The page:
A new analysis of Kapetyn’s Star by Paul Robertson at Penn State University suggests that Kapetyn b, the innermost and most Earth-like of two planets detected in 2013, is not a planet but rather an artefact of sunspots on the star’s surface.
The two planets were detected by Anglada-Escude using the radial velocity technique. This involves tracing the spectrum of the star, the light from which is imprinted with a barcode of absorption lines, to detect minute changes in the velocity of the star. The team used this to spot the to-and-fro (Doppler) motion of the star due to gravitational pull of two unseen planets.
This also allowed Anglada-Escude to place the innermost planet in the Habitable or “Goldilocks Zone”, the region around the star where temperatures might be just right for liquid water to exist on the planet’s surface.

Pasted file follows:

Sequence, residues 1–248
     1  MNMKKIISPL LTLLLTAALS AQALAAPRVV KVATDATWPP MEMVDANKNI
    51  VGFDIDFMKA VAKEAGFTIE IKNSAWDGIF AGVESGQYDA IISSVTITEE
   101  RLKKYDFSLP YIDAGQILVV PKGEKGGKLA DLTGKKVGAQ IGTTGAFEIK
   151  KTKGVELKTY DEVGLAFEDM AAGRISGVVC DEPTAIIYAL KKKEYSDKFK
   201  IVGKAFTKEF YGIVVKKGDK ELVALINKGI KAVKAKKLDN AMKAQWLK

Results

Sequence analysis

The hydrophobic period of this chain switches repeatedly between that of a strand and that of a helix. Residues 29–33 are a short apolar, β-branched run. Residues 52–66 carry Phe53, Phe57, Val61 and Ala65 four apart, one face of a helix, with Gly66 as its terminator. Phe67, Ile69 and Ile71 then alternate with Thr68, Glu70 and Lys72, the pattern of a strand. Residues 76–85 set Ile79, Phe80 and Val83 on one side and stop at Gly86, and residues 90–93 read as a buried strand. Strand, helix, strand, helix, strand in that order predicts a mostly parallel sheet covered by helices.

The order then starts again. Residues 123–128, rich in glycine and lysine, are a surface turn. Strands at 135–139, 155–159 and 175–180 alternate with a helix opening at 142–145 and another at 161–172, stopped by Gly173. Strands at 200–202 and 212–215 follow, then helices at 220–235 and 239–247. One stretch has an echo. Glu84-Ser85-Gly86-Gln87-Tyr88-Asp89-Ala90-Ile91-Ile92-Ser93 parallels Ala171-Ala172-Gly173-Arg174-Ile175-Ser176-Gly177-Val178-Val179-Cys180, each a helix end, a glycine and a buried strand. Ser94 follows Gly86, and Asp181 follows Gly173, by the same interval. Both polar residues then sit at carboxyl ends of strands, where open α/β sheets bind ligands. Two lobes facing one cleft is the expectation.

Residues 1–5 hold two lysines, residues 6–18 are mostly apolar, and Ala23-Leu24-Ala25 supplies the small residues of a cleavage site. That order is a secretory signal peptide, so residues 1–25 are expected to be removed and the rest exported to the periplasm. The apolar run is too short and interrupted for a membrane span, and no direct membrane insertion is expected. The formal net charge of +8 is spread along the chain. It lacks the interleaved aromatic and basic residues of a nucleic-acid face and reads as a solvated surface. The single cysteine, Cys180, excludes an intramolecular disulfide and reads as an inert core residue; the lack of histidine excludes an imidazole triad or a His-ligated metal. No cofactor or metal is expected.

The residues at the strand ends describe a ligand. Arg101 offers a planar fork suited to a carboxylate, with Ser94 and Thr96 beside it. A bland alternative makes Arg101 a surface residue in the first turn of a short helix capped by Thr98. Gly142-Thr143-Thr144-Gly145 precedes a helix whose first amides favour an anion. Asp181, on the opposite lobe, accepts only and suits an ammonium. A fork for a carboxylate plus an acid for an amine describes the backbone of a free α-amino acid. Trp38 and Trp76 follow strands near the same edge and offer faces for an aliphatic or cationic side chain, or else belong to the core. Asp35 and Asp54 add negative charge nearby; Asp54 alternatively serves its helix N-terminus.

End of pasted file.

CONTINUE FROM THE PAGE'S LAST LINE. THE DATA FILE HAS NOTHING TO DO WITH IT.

But planets are not the only thing that can influence a star’s spectra – Robertson’s reanalysis of the spectra found tracers for starspot activity which varied on a 143 day period. This caused an artefact signal at 143/3 days, or 48 days: precisely the supposed orbital period of Kapetyn b.
This latest result is the third skirmish in a bitter war between the two teams with three habitable-zone planets detected by Anglada-Escude all now refuted by Robertson.